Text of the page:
Even as confusion surrounded the legality of the western alliance arming rebel groups in Libya, United States President Barack Obama on Saturday said the military operation Odyssey Dawn was “succeeding”.
According to observers here, the “Obama administration believes the United Nations resolution that authorised international intervention in Libya has the “flexibility” to [arm the rebels]”.
In particular, U.S. Permanent Representative to the U.N. Susan Rice is reported to have said the language of U.N. Security Council Resolution 1973 authorising action in Libya was “not specific”.
While Jose Filipe Moraes Cabral, head of the UNSC's Libya Sanctions Committee, admitted the wording of the UNSCR 1973 was “open to a lot of interpretation”, he was reported to have said he would not interpret the wording as allowing arms shipments to the rebels.
White House Press Secretary Jay Carney said this week if arming the rebels was “the right way to go”, then that option would certainly be a “possibility”.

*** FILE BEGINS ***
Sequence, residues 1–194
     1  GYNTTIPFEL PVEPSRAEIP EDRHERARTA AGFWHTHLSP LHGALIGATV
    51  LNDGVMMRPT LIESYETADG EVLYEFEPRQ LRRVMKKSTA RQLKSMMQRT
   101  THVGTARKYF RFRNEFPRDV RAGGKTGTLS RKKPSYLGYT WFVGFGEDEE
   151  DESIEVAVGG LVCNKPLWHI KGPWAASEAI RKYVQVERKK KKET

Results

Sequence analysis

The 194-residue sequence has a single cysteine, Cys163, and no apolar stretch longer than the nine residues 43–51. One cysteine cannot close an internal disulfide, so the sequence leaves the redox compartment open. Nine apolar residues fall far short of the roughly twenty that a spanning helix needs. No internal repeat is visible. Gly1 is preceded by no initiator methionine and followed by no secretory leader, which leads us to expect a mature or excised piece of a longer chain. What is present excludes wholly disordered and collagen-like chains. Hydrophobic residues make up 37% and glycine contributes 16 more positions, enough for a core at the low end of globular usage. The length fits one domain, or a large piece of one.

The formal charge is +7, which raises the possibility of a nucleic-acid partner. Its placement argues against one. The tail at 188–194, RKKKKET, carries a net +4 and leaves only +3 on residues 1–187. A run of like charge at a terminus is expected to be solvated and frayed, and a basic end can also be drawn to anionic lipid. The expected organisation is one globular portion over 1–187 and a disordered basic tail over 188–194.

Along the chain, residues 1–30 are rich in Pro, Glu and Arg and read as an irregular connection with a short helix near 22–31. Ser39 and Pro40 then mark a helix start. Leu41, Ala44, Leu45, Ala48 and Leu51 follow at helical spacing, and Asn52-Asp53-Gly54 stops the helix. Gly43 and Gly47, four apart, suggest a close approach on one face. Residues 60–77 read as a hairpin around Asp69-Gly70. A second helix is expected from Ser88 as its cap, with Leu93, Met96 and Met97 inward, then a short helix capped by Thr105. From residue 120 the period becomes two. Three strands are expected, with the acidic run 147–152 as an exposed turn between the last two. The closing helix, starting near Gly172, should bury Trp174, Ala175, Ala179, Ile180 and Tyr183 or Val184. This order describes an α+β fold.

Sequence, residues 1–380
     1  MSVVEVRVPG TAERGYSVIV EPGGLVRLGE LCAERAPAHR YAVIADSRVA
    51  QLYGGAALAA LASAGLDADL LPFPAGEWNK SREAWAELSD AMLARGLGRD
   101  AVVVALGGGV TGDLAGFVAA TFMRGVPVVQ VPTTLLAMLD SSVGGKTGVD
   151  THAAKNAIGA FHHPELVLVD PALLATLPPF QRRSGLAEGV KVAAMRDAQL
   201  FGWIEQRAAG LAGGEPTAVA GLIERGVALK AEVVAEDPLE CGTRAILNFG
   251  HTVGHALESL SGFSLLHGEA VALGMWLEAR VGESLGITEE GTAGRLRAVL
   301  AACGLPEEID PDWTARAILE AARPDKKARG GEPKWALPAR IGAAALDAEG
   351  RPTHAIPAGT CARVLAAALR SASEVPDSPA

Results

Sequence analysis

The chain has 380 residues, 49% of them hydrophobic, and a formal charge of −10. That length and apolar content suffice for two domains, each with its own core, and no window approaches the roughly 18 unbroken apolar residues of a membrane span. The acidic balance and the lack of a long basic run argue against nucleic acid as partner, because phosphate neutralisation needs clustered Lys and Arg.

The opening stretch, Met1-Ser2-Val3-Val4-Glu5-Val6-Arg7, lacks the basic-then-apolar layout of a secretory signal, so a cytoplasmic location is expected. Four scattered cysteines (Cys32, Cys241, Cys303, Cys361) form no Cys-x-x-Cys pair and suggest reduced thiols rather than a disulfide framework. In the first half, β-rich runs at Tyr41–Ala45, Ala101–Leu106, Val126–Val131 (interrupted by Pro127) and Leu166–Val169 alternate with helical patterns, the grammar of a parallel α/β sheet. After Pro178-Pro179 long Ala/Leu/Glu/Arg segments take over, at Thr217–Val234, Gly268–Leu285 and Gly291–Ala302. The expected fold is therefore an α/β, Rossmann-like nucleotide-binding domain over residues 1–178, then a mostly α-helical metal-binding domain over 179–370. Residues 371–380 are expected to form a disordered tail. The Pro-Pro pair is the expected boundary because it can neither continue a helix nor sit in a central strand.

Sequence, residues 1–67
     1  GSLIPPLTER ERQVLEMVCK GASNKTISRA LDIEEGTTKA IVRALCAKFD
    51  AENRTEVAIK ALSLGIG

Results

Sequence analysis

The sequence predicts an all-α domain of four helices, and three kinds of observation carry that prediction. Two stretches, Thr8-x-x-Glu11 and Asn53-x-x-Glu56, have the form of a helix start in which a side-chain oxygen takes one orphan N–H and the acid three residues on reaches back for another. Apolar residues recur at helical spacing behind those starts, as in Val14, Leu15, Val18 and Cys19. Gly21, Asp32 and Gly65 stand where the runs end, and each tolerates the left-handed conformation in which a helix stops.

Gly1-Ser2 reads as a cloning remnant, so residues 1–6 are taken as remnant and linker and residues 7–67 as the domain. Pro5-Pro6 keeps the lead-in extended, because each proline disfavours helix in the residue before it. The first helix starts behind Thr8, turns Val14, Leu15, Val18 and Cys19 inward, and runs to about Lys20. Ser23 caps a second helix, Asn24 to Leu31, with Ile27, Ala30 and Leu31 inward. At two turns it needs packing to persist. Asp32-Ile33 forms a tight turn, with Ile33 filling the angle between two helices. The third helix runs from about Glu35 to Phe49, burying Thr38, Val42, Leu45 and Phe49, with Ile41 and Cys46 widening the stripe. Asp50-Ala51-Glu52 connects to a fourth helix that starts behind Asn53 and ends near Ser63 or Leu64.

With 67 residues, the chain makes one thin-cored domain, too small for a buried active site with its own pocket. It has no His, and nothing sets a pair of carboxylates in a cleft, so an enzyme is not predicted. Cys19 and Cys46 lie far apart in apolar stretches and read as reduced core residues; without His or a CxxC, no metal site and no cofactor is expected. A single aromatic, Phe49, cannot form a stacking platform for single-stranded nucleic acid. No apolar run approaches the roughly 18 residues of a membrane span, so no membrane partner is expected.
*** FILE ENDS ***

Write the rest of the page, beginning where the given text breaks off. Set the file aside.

However, in United Kingdom, Prime Minister David Cameron said: “I think I am right in saying that the resolution is clear... There is an arms embargo, and that arms embargo has to be enforced across Libya.” He added that legal advice suggesting this stricture applied only to the Qadhafi regime “is not in fact correct”.
Meanwhile, Mr. Obama, in his weekly televised address, said: “We are succeeding in our mission. We have taken out Libya's air defences. Qadhafi's forces are no longer advancing across Libya.”
However, similar to other statements emanating from the White House and State Department, Mr. Obama persisted with the emphasis on the limited nature of the U.S. engagement in Libyan mission and the likely reduction in the number of U.S. troops involved going forward.
Mr. Obama said, “As I pledged at the outset, the role of American forces has been limited. We are not putting any ground forces into Libya. Our military has provided unique capabilities at the beginning, but this is now a broad, international effort.”